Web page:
Over the last few years post Katrina some would say that there has been a lack of dynamic leadership in the African American community. There was a time when leaders were organic coming from the community when African Americans first began to have political power. Today that is not the case where sometimes there is a disconnect. Recently, one election bucked this trend with Latoya Cantrell beating a well-funded highly connected white candidate in Dana Kaplan for a seat on the New Orleans City Council with a wide range of support. On this election Sylvain says of the factors leading to her victory, "Cantrell was victorious because she did not have to pass out a résumé to say who she was. Her resume was herself and the work she's been doing. Her resume was her involvement prior to running for office and the people rewarded her with a victory because of her past participation as a civic leader." Continuing he says, "We don't see enough examples like this, while I am an advocate of education I find what we see as of late are individuals who are well educated and have impressive resumes but little to no involvement in the community prior to running for elected office. And this is one of the reasons I think we see some of our elected officials not connected to the issues of that are important to the people they represent. We as a community must scrutinize those who choose to run more carefully and not just vote for someone who looks good on paper; because once they are elected unfortunately what the communities oftentimes get is paper leadership."


As we are coming to the beginning of early voting and the primaries that may decide who hold some of these elected offices it is important to know that the power lies in you the voter. A point made by Cameron Mims. "I think the important thing is to know is that the power is not in the politician, but in us because we are the ones that select the leaders and it is responsibility not just to vote but to make them responsive to our needs and stay involved in the things that go on in our community because at the end of it all it is us not the politicians that will be key to coming up with solutions to the things that negatively impact our City."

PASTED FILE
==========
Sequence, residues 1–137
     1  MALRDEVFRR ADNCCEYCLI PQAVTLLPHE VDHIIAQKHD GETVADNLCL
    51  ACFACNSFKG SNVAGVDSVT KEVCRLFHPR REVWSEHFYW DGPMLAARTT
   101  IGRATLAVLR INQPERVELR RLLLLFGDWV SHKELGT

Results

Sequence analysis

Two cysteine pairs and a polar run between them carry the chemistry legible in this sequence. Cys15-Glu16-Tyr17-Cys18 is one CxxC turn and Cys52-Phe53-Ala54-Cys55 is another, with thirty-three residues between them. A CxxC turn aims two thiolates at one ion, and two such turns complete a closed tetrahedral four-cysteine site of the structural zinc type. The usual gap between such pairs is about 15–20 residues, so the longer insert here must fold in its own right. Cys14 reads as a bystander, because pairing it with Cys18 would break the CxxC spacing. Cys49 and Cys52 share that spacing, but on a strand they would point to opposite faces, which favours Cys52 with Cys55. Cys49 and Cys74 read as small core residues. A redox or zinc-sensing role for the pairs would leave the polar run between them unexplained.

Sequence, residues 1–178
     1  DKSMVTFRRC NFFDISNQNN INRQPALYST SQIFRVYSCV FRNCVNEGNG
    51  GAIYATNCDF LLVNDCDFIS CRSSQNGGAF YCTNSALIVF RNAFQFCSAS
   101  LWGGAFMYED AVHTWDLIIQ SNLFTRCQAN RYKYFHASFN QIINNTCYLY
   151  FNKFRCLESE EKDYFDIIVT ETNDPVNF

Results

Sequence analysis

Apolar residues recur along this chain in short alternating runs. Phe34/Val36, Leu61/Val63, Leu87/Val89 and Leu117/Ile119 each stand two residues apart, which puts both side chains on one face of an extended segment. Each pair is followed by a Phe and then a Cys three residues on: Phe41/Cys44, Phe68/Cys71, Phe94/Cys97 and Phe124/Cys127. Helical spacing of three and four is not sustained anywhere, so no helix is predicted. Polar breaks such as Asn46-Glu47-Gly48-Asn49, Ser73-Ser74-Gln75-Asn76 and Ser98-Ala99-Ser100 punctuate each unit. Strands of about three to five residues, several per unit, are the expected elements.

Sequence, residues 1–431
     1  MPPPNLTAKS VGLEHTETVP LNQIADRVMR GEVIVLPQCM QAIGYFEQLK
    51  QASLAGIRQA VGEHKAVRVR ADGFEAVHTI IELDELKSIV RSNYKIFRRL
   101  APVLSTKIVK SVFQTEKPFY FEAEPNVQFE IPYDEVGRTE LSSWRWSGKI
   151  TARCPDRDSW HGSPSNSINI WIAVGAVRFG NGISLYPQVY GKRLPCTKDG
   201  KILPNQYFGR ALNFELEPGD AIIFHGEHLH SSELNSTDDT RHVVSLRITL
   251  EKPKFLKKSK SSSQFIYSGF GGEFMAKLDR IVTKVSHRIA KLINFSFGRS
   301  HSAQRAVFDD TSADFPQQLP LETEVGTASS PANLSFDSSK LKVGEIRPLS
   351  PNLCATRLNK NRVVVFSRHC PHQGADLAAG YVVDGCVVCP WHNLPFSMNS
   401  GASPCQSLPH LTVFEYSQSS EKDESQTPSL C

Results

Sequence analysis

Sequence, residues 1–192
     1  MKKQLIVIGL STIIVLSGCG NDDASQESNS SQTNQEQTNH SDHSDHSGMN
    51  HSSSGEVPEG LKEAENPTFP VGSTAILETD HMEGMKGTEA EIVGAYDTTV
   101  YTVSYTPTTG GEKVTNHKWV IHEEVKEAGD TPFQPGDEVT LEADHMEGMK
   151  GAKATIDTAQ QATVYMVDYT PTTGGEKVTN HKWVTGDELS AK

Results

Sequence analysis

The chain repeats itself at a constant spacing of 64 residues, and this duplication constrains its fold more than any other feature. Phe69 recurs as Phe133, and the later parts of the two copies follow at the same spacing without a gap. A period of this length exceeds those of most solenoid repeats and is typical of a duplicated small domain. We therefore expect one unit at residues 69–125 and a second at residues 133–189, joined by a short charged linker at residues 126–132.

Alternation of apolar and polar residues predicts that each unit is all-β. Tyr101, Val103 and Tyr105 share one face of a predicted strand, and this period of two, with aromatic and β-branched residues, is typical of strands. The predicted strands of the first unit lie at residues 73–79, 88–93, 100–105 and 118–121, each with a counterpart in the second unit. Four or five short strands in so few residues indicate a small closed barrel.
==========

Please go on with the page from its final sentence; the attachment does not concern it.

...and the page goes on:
NOTE: This story is written as part of the voting rights fellowship with New America Media.



Stephanie Jordan performs at Xavier's Homecoming Tribute honoring Dr. Norman C. Francis 

Special guest appearance by John Boutte, Wanda Rouzan, James Andrews 


Thank You Tribute honoring Dr. Norman C. Francis



Xavier University Scholarship Benefit  

Friday, November 21 @ 7:30 p.m

Xavier University Convocation Center 



Stephanie Jordan - Back to the Wall
Jazz Vocalist Stephanie Jordan

NEW ORLEANS - The Stephanie Jordan Big Band is the featured entertainer for Xavier University Homecoming Tribute honoring retiring President Dr. Norman C. Francis.  The "Thank You Tribute" benefit takes place on Friday, November 21, 2014 at 7:00 p.m. at the Xavier University Convocation Center.  


Dr. Francis is the nation's longest serving university president and has announced his retirement effective June 30, 2015.  In addition to Jordan's performance, the benefit includes a special video tribute presentation reflecting on the legacy of Dr. Francis.

Jordan will also invite Xavier alums John Boutte and Wanda Rouzan, as well as James Andrews to join her in a special tribute to Dr. Francis. 


Tickets range from $100 - $250 per person and may be purchased at  Proceeds benefit Xavier University Student Scholarships. 


Stephanie Jordan is consistently praised for her poise, elegance, and soulful articulation. She draws frequent comparisons to her mentor-the legendary jazz chanteuse Shirley Horn-as well as Abbey Lincoln, and Carmen McRae. Critics have also likened Ms. Jordan to jazz stars Diana Krall and Nancy Wilson.

As a late minute replacement for Grammy Award-winning singer Leis, leading Chicago Tribune's leading art critic Howard Reich to proclaim, "The woman can sing ... bringing heft to music of the Gershwin's and Cole Porter without pushing volume levels. Clearly she values plush sound and knows how to produce it."  Music critic James Walker added, "Stephanie Jordan . . . stepped in and simply mesmerized the near capacity Harris Theater crowd with a sparkling performance."